The FCC convened Monday's hearing as part of an investigation into Comcast's practice of stalling uploads to BitTorrent protocol clients. It's considering two petitions--one from public-interest groups and one from the peer-to-peer video-sharing service Vuze--that ask the FCC to forcibly stop Comcast's BitTorrent throttling and to make new rules defining what constitutes "reasonable" network management by Internet service providers.

The whole debate is an extension of the years-old tussle over whether Net neutrality regulations, which would prohibit network operators from prioritizing traffic as they wish, are necessary to safeguard the Internet's historically open architecture.

Congress is also continuing to consider such moves. Democratic Rep. Ed Markey (D-Mass.), whose district lies near the site of Monday's hearing, has proposed a new bill that would discourage, though not outright prohibit, Internet service providers from engaging in "unreasonable discriminatory favoritism" of content on their pipes. He warned commissioners in a speech at the start of Monday's event to take with a grain of salt any broadband providers' professions of "reasonable" network management in the interest of consumer welfare.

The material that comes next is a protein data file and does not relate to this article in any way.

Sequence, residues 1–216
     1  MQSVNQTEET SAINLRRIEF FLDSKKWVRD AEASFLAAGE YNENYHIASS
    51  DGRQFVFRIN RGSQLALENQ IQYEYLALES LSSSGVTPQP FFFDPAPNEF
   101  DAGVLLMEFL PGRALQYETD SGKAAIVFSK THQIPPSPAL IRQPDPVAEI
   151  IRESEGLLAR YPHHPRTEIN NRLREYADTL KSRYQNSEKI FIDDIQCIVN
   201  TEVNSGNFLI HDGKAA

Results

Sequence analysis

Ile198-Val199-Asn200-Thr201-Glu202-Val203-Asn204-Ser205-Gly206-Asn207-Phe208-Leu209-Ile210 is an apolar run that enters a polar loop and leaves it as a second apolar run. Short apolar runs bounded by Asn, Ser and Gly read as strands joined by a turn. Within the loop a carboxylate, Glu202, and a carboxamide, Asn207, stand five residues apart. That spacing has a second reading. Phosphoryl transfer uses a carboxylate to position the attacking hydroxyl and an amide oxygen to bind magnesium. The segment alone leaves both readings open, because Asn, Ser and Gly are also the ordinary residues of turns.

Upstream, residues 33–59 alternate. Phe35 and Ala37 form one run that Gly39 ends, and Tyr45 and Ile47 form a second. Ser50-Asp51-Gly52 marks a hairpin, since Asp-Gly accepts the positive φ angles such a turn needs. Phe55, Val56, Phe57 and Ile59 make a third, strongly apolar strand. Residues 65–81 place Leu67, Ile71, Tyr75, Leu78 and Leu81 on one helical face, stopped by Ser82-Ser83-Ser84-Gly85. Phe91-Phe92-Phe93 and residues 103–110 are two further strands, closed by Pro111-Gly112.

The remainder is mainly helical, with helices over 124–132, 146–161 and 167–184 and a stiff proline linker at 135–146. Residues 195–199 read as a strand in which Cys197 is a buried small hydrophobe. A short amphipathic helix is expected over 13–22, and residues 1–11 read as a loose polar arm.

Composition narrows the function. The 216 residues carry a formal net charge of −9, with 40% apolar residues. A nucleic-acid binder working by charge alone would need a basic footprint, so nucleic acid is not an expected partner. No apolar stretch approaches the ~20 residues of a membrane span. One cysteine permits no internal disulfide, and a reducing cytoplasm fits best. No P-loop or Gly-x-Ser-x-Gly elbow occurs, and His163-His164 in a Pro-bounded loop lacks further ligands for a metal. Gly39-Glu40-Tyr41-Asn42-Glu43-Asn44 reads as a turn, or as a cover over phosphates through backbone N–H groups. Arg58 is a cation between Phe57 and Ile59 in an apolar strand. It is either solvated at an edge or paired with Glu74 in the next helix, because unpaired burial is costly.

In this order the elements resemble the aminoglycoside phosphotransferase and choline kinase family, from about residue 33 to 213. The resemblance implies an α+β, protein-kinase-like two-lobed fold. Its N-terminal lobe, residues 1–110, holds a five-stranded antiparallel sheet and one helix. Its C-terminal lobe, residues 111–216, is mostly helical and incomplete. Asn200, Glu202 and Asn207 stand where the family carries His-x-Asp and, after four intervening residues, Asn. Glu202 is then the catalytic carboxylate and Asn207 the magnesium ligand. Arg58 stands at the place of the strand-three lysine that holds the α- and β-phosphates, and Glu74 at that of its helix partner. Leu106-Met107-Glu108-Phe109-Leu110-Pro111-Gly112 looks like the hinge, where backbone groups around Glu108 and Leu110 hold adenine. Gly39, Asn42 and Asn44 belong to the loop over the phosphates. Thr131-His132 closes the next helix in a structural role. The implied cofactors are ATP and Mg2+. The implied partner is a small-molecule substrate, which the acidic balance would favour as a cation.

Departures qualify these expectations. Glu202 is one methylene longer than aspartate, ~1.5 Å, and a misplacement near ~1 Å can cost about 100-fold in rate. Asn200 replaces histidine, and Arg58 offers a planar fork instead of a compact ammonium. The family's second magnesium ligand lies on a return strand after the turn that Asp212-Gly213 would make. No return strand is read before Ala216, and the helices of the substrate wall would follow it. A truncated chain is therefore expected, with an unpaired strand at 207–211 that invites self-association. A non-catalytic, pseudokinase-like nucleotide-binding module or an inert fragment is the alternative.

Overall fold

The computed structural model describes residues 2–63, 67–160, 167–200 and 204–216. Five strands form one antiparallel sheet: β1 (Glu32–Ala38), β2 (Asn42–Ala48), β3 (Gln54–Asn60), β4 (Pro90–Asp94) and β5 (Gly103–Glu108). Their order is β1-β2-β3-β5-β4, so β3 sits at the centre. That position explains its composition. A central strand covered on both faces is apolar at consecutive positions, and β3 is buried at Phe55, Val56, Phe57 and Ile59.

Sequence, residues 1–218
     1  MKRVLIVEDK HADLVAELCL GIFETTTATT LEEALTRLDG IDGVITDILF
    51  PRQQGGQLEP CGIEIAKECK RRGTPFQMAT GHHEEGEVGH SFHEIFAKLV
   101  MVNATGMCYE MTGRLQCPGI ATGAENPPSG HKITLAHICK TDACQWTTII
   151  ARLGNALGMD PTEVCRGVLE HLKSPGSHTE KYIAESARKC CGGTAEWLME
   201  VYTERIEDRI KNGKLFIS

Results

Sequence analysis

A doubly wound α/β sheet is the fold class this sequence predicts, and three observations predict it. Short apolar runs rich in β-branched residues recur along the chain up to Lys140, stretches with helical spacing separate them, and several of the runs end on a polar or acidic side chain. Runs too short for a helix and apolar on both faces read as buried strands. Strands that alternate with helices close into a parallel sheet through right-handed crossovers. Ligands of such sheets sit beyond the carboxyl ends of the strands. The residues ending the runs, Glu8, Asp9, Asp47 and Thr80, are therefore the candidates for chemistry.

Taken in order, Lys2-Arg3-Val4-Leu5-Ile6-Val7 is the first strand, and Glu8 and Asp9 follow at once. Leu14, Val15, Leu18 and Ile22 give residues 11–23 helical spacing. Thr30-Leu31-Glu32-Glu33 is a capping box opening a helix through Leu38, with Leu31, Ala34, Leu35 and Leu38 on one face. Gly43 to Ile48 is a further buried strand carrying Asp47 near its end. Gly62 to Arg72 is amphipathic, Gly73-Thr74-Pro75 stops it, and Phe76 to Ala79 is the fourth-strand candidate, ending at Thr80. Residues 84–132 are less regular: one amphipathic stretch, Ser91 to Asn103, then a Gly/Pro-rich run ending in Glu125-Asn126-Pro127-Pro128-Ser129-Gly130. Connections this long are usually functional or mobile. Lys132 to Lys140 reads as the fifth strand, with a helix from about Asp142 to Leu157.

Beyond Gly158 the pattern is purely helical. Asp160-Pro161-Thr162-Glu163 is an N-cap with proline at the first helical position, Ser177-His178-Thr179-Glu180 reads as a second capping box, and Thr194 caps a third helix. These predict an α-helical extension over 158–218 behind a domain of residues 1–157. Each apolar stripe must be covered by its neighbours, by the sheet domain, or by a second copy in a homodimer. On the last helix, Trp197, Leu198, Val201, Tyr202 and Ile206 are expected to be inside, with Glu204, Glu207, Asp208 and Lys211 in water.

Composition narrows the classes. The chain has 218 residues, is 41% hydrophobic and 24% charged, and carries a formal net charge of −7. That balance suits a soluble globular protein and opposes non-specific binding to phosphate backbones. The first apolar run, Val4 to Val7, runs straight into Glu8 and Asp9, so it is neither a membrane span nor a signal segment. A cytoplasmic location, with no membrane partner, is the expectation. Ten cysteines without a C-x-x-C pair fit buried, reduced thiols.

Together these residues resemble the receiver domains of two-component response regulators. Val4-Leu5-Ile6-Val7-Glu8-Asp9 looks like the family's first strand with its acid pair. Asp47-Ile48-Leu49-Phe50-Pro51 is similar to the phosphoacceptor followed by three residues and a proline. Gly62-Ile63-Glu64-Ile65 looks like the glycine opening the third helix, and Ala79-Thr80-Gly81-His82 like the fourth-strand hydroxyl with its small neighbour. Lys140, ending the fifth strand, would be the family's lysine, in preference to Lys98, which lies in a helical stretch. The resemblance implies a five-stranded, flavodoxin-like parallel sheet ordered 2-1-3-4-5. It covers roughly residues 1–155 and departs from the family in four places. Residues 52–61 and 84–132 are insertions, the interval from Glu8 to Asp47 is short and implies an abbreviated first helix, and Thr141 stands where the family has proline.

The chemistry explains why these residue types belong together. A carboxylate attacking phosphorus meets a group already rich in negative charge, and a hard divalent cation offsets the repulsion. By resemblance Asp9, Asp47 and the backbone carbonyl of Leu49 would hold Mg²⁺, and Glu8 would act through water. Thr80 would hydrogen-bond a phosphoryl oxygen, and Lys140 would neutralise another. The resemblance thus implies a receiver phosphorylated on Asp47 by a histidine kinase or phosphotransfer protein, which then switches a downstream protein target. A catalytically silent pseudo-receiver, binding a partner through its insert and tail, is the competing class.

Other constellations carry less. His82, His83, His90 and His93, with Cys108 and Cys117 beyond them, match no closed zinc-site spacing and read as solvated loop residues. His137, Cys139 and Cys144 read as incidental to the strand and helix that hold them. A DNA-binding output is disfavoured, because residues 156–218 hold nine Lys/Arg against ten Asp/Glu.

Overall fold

Martin has said in the past that he doesn't believe there's any need for new regulations, be he warned at the outset of Monday's hearing that the commission was taking the allegations against Comcast "very seriously." (Martin has been known to clash with the cable industry on other issues, namely the idea of offering channels "a la carte," in his day.)

Earlier in the day, Martin first asked a series of questions to Gilles BianRosa, the chief executive of Vuze, a video-sharing Web site, in an apparent effort to establish that the service involves transfer of lawful content and does not hog bandwidth.